BOSTON Rising U.S. factory productivity, spurred by falling natural gas prices, could help the nation boost exports of products such as locomotives and factory machinery and add as many as 5 million manufacturing jobs by the decade's end, a new analysis found.
High worker productivity and low energy prices driven by a surge in shale gas production will give the United States a cost advantage in exports against Western European rivals and Japan in the coming years, according to a Boston Consulting Group report set for release on Friday.
By 2015, those factors will make average manufacturing costs in the United States lower by 15 percent than in Germany and France, 8 percent than in the United Kingdom and 21 percent than in Japan, the study projects. Factories' costs in China will remain 7 percent cheaper than those in the United States, however.
The competitive gap in some ways reflects the open U.S. labor market, where companies can quickly add or cut workers to meet changes in demand, said Hal Sirkin, a senior partner at the BCG consultancy and author of the report.
"In Europe and Japan, it's relatively hard to lay people off, and because of that you have employees for a long period of time that you may not be able to use," Sirkin said. "In the United States, there's much more flexibility."
Besides the ease of adding or firing workers, lower wages and Americans' readiness to move for work will make U.S. factory labor costs 20 percent to 45 percent lower than prevailing costs in Western Europe and Japan by 2015, the study found.
BCG forecast that a glut of natural gas production in the United States would keep the nation's prices of the fuel 50 percent to 70 percent below those in Europe and Japan, as well as hold down electricity costs.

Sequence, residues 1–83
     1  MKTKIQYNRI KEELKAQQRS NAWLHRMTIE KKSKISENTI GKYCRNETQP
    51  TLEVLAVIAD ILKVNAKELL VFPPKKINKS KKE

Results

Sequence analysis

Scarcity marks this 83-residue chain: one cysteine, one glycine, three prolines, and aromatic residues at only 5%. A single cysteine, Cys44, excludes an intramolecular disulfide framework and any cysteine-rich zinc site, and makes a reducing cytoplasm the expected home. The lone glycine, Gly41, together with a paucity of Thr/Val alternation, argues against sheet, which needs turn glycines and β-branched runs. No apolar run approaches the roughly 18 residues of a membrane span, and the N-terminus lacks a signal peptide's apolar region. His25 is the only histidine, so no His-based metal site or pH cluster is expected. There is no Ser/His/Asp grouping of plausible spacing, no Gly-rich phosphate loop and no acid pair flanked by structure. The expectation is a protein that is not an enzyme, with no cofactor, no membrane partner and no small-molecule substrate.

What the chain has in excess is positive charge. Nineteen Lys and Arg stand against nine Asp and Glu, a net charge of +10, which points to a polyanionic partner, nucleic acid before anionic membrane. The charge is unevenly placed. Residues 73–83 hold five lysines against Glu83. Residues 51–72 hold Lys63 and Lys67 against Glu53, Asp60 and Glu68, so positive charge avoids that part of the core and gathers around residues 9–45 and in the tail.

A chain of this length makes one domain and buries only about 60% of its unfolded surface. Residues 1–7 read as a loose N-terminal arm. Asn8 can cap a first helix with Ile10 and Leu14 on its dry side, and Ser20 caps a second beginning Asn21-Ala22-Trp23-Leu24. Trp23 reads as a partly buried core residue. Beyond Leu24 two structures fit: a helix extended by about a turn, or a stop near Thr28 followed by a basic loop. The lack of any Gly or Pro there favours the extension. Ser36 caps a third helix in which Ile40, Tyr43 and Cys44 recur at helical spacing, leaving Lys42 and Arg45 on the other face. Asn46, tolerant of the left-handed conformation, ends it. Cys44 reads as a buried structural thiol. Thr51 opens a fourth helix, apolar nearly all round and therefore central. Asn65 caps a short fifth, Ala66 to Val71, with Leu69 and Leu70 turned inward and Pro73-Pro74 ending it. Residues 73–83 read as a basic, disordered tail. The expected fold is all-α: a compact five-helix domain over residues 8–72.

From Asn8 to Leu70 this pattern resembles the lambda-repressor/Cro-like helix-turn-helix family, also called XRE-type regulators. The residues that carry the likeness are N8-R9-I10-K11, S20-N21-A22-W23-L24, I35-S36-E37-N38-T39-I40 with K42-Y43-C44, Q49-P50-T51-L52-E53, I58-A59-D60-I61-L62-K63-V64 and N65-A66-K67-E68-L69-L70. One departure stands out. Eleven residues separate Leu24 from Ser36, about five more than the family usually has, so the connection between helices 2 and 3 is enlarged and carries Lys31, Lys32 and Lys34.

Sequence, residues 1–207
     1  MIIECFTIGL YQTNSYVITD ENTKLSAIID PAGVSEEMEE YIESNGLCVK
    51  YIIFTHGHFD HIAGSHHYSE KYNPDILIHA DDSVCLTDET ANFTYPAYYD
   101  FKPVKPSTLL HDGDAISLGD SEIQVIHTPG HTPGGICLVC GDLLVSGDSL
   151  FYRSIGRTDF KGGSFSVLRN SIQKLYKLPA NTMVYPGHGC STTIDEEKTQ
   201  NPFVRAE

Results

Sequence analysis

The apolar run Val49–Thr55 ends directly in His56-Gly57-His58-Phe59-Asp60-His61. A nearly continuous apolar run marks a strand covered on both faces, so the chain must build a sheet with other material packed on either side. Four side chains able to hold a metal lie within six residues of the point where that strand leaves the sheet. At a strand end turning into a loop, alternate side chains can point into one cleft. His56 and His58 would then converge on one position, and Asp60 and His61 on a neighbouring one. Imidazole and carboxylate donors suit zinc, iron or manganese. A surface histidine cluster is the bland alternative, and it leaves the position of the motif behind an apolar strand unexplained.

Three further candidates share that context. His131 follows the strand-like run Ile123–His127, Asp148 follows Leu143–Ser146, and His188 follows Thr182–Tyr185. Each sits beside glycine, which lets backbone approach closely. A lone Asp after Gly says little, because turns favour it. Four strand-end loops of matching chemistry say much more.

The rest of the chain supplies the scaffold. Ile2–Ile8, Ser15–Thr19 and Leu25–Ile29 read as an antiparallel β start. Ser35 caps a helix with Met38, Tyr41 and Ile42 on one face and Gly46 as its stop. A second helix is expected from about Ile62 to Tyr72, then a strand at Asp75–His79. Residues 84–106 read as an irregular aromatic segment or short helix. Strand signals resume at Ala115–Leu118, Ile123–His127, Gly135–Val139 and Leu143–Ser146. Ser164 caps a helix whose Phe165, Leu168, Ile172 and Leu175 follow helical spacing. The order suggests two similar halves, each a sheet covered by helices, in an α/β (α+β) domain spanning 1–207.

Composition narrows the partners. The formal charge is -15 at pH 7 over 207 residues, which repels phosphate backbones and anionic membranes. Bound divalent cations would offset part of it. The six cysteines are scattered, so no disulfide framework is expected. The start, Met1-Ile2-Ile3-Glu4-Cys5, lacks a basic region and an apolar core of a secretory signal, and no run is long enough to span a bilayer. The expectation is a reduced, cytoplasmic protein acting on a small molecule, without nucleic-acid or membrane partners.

U.S. factory employment has grown by about 3.6 percent to roughly 12 million people from a 2010 post-recession low, a trend that could accelerate as the United States becomes a more competitive exporter, BCG said.
The increase in part reflects a realization by manufacturers that rising shipping costs and wage inflation in China and other countries have made it cheaper to make products at home.
The recent growth in U.S. factory employment follows a drop of about 40 percent over three decades as many businesses concluded that high wages made the country too costly for manufacturing and economists predicted that Americans would turn away from assembly jobs in favor of work in the service sector.
Over the past year, though, major U.S. exporters General Electric Co (GE.N) and Caterpillar Inc (CAT.N) have both added U.S. factory jobs. The study also noted that foreign-owned companies including Japan's Toyota Motor Co (7203.T) and Germany's Siemens AG (SIEGn.DE) were also making products in the United States and exporting them to other countries.
BCG said the United States could boost its exports by about $90 billion by the end of the decade by winning orders currently filled by Western European and Japanese factories. Total U.S. exports came to $1.48 trillion in 2011, according to the Census Bureau.
Based on the export forecast and current worker productivity figures, BCG projects that U.S. manufacturers could add 2.5 million to 5 million jobs by 2020.
The biggest gains could come in the industrial machinery, transportation and chemicals sectors -- slices of manufacturing that are both highly energy-intensive and automated, requiring fewer workers, BCG said.
One wild card is the euro currency, which fell fairly steadily in value from mid-2011 through July as the region's policymakers struggled with a debt crisis. This slide made European factories relatively more competitive than their U.S. rivals.
That advantage has begun to fade over the past two months, with the euro trading at $1.29 on Thursday, up about 7.5 percent from its July 24 low.
Sirkin said little short of an outright collapse in the euro would change BCG's analysis.
"Obviously currency matters," Sirkin said, "but over the range that the euro's been over the last reasonable period of time, the fundamentals don't change."
(Editing by Patricia Kranz and Lisa Von Ahn)